While most people are counting down the days until summer break, group fitness instructors typically feel differently about the looming 12 weeks of warmer weather and laid-back schedules. Of course, we’re equally as excited to frolic in the sun and enjoy longer days, but this time of year leaves even the most loyal class participants with less-predictable attendance patterns, which leads to lower-than-normal numbers in our classes. Here are a few ideas to encourage class participants to stay put and help keep numbers up during the summer.
Summer Student Spotlight – Establish a fun ritual for your summer classes by choosing a “special student” each week who will get to help you create the next week’s class by suggesting music, exercises and equipment. Begin promoting the concept live and via social media; get started right away for the biggest impact. At the beginning of class, announce that you’re beginning the Summer Student Spotlight to celebrate the class participants that stay committed to their workouts over the summer. Let them know you will continue the contest through the end of the summer so there’s plenty of time to win. A student simply needs to be in class and participating to be considered. You could announce you’re looking for enthusiasm and, as the weeks go on, bringing friends to class, being part of the community and remaining consistent will also weigh in your decision. You will announce the “winner” during the cool-down. Consider creating a certificate for the winner with your contact information on the back to ensure you can connect to plan for the class. You want to make it feel like a really big deal to be chosen. Consider a coffee date with the winner to plan if you’ve got the time. Be sure to snap a picture and (if they’re willing) post to your social media accounts to build excitement for the promotion. Celebrating participants is a sure fire way to get the participants talking about you and your class.
Classroom Chatter - Get the people that DO come to class over the summer to build a community within your class. Building community will ensure they stay longer and achieve the goals they’re after. If you play your cards right, this might also help to build your classes over the summer or, at the very least, increase attendance once everyone’s schedules are back to normal. Begin class by asking participants to introduce themselves to one person in the room they do not know. You could also consider giving them a starting topic such as what they’re planning for the weekend or a family vacation, or even what they had for breakfast. Make it quick and to the point; avoid letting it go so long that folks feel cheated out of class time. At the end of class, have them go back to the person they chatted with earlier and discuss when their next workout is planned and if they’ll be back in class next week. Ask for a show of hands at the end: “Who’s planning to be here next week?” Take note and then congratulate the participants on their consistency and let those that won’t be around know you’ll look for them the week after next. You’d be surprised how many of those that do not raise their hand will come up to you and let you know what their “excuse” is and publicly declare they’ll make it back to class soon. This will help you mentally prepare for next week’s numbers and help reinforce the fact it’s not YOU—it’s a schedule thing. Remembering this can help you stay motivated during the summer months.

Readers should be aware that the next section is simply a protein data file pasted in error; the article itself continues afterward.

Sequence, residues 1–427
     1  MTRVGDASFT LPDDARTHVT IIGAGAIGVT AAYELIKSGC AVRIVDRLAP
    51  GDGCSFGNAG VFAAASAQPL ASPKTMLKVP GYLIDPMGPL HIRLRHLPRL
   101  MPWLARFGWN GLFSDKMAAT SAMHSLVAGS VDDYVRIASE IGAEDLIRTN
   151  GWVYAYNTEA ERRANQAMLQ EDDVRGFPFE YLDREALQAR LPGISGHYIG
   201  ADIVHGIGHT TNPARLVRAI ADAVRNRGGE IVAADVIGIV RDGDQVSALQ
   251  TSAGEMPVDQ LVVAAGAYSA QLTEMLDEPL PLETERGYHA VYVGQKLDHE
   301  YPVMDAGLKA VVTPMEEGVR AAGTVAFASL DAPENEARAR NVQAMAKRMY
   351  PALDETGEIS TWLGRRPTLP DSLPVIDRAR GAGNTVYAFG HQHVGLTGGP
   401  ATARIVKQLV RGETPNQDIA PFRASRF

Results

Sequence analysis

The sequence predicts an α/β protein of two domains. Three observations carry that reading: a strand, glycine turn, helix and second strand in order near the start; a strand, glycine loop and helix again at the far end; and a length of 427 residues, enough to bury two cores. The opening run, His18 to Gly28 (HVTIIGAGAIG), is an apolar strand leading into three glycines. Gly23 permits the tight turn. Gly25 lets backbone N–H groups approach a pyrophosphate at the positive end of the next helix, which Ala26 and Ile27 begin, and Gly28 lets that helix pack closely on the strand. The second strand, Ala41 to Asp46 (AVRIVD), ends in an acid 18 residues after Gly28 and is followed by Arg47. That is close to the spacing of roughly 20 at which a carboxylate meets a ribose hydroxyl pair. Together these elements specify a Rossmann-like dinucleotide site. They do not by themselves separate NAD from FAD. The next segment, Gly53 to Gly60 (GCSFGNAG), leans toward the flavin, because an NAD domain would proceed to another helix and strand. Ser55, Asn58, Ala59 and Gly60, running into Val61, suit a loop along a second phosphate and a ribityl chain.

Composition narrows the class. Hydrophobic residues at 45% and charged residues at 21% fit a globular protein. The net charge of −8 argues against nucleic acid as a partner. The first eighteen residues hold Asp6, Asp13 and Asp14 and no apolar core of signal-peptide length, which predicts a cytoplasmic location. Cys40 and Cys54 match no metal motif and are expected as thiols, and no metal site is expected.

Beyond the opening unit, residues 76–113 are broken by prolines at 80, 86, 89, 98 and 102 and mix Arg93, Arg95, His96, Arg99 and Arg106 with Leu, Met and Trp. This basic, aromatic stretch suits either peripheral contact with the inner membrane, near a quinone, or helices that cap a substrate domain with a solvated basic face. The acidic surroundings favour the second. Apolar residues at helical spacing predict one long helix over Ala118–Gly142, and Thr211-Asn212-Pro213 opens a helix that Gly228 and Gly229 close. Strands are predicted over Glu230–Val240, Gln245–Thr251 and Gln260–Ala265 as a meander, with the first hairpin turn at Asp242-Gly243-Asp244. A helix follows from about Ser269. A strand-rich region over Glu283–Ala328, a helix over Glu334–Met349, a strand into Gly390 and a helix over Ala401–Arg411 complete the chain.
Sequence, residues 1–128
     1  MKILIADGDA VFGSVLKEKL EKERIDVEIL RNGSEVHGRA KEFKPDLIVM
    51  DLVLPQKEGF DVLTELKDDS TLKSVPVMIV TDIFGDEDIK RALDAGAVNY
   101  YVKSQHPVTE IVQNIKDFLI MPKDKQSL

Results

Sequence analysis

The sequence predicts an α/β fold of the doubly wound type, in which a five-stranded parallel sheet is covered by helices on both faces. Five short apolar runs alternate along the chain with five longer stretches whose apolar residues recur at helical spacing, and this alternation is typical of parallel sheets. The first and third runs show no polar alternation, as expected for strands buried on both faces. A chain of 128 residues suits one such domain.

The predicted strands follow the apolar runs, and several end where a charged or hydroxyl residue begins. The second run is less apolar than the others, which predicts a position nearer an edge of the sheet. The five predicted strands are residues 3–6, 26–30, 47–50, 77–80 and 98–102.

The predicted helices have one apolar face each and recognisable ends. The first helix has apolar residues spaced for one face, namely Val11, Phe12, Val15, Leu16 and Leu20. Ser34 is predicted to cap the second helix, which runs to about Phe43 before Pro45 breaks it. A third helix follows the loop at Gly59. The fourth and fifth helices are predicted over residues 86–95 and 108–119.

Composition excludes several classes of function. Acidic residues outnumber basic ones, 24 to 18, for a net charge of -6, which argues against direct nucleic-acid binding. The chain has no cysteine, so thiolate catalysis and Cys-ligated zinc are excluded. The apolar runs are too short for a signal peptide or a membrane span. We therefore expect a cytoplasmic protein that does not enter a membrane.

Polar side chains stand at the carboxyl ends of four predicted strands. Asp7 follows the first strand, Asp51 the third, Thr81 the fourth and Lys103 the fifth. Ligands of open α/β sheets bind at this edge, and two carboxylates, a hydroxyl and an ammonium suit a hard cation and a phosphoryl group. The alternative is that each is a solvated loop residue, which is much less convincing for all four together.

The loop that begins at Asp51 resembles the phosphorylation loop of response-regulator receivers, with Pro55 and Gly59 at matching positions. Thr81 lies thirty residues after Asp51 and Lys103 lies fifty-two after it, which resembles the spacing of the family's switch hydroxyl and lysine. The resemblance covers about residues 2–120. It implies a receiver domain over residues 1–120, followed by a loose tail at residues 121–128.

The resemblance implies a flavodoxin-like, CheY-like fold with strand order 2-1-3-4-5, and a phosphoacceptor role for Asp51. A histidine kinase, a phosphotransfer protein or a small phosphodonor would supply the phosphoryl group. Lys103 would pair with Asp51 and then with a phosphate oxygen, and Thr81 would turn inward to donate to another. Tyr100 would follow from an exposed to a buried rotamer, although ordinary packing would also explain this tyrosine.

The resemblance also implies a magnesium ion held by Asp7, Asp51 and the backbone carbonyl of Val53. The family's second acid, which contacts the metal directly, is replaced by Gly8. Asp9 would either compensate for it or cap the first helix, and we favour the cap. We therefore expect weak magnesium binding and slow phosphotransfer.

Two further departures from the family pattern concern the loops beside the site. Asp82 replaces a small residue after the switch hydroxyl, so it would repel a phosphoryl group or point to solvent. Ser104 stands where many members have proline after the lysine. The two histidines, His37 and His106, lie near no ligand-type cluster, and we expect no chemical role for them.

Cross-training Competition – If you teach more than one format, consider creating a cross-training competition. Create a flyer (or postcard size) of your teaching schedule at the club, complete with descriptions and promises for how the class can benefit the participant. On the flip side, create a BINGO card with the class titles in the squares (don’t forget the free square in the middle). You can also add in other activities that can keep the summer fun such as bringing a friend to class, outdoor workouts (to show that it’s O.K. to skip the gym every once and a while), other gym workouts and so on. Each time the participant goes to a class or completes one of the activities, he or she gets to cross off the title of the class or activity on the BINGO card. Reward participants who rack up enough classes to get BINGO with small prizes throughout the summer. If a person can fill up the entire card, reward him or her with a bigger prize. Of course, this will require a bit of logistical planning, as well as the gathering of prizes. If BINGO seems too hard to figure out or organize, use the concept of tracking activities to encourage consistent participation as you see fit.
Smaller is Better – Finally, remember that smaller classes can actually be incredibly rewarding. It’s a time for you to try things you might not be able to do if the class was packed, such as use limited equipment or do partner work. Plus, you can take a personal trainer’s approach to teaching with fewer people by walking around, correcting form and making one-on-one contact with each participant to ensure proper form and provide education and motivation, which might be tougher to do in larger settings. The more you can celebrate the small class size and use it to your advantage, the better both you and your participants will feel about the experience.